OT17 Session Chair, Venkatesan Ramaswamy:
“Under the UN Decade, there is an enhanced focus to develop science for the society and for the Small Island Developing State (SIDS) to address the climate change risk and impacts from extreme weather events and sea level rise. Further to develop and implement nature-based solutions and benefit from the blue economy. SIDS are the most vulnerable state subjected to vagaries of the Ocean. Still out of 25 Island states on the basis of population and area, not even 10 of these Island nations have sustained ocean observations. This session focussed on Ocean Observation for SIDS with objectives to highlight the need to have ocean observations, capacity to apply ocean observations for social and economic benefit, and to improve the forecasts for severe weather events experienced by SIDS. An open discussion was followed after the presentations by the panellist. Under the UN Decade, there is an enhanced focus to develop science for the society and for the Small Island Developing State (SIDS) which include addressing the climate change risk and impacts from extreme weather events and sea level rise. developing and implementing nature-based solutions and benefit from the blue economy etc. The panel of speakers emphasised the need to educate the coastal population about the importance of ocean observations. apprise them of the cost of ocean observing systems and proposed the concept of citizen scientists in ocean observations.
OS11 Session Chair, Emma Heslop:
The UN Ocean Decade program “CoastPredict” worked with IEEE to sponsor three OSM sessions on observing and understanding coastal dynamics. The CoastPredict goal is to achieve a predicted global coastal ocean where society understands and can respond to changing ocean conditions. A transformative aspect of CoastPredict is to embrace the coastal ocean as the area that extends from inland waters around coastal cities to the nearshore, shelf and ocean environments. These sessions had presentations that included enhanced ocean observations at regional and local scale, extending the existing regional observing capabilities. The first session of the OS11 series was on CoastPredict and coastal modeling. Other presentations in this session included: Operational Modeling Capacity in European Seas: Assessment and Recommendations from the EuroGOOS coastal working group; and Design and implementation of an integrated coastal observing system at regional scale. In the third session, there were presentations of infrastructures to support coastal modeling. This included presentations on: “Towards best practices for global interoperable coastal ocean observing and forecasting through the use of the Ocean Best Practices System” and another providing a description of a comprehensive coastal ocean resource environment.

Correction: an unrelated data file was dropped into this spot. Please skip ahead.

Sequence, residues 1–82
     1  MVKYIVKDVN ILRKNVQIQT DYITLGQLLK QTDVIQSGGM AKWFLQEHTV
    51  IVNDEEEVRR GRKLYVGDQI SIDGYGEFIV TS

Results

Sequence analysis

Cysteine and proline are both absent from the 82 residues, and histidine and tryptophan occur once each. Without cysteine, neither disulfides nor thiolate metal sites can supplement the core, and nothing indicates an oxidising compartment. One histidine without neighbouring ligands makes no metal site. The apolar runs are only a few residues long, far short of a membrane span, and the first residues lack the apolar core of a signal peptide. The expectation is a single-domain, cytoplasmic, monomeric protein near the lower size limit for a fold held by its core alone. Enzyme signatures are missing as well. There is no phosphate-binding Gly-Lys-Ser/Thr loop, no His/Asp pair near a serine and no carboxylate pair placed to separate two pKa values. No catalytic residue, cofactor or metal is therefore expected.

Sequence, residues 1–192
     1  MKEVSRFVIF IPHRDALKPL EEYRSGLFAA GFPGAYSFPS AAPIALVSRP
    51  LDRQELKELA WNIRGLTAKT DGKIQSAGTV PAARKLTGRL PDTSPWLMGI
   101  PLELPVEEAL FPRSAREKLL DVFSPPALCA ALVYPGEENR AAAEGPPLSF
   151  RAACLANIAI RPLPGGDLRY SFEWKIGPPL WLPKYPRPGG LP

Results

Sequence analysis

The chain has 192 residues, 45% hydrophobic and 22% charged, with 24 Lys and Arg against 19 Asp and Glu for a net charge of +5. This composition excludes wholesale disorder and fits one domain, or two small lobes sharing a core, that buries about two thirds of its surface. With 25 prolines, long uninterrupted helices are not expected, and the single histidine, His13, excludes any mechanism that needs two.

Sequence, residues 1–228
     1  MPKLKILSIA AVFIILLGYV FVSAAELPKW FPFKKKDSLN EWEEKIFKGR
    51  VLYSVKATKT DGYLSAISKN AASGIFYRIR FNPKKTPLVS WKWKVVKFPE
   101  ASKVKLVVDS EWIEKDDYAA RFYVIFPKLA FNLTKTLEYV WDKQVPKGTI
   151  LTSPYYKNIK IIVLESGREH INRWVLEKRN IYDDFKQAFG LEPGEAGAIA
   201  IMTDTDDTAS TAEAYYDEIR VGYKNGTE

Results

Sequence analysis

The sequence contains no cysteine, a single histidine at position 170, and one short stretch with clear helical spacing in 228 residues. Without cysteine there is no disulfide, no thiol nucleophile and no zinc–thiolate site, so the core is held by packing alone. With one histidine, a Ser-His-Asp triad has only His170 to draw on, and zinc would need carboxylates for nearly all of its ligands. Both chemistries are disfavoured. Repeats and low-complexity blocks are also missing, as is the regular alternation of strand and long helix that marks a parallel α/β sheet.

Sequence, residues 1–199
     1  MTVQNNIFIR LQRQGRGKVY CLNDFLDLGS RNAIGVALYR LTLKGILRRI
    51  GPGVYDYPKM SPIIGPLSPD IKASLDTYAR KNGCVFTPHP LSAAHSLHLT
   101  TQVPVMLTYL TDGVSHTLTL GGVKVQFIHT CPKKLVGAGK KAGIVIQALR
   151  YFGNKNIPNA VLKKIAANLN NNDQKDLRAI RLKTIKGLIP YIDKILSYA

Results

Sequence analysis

OS10 Session Chair: Rene Garello
Marine litter is of growing global concern and is a multi-dimensional problem with economic, environmental, cultural, and human health costs. While quantitative information on production and use of plastics is to a large extent available, the fate of plastics discarded or leaked into the environment is highly uncertain. In particular, knowledge of how much plastic at different scales, down to micro and nano levels, reaches the ocean and the trajectories of the plastic in the ocean remain poorly known.
After the abstracts were accepted (7 oral presentations and 1 poster), the session was organized around the main theme of modelling and tracking the circulation of macro-plastics and estimating the abundance of plastics (macro and micro) from the estuaries to the oceans.
One paper was withdrawn, and the oral session on March 1st 2022 was entirely virtual. Half of the session was dedicated to the presentations and the other half to questions and answers. The session was correctly attended, provided the odd hours for some countries. The presentations are still available on the OSM website (for registered members) at: https://osm2022.secure-platform.com/a/solicitations/3/sessiongallery/schedule/items/99.
The following topics were addressed:
- Tracking marine litter with a global ocean model: Where does it go? Where does it come from?
Eric Chassignet, Florida State University, USA
Microplastics in estuarine waters: surface layer vs. water column
Daniel González-Fernández, University of Cádiz, Spain
- Plastic PPE litter on beaches estimating abundance through Citizen Science and standardized sampling techniques
Bonnie Ertel, The Citadel, The Military College of South Carolina, USA
· Monitoring and modelling the circulation of marine debris: the case study of riverine inputs from Indonesia
Christophe Maes, IRD-CNRS-IFREMER-UBO, LOPS Brest, France
- Numerical Model Approach on Vertical Motion of Microplastics absorbed into Algae Aggregations
Miho Yoshitake, Kyushu University, Research Institute for Applied Mechanics, Kyushu University
- Distribution variability and dynamics of Microplastics in water and biota along Southern Mediterranean Coasts
Sana Ben Ismail, INSTM, Research Council, Institute for the Study of Anthropic Impact and Sustainability in the Marine Environment, Genova, Italy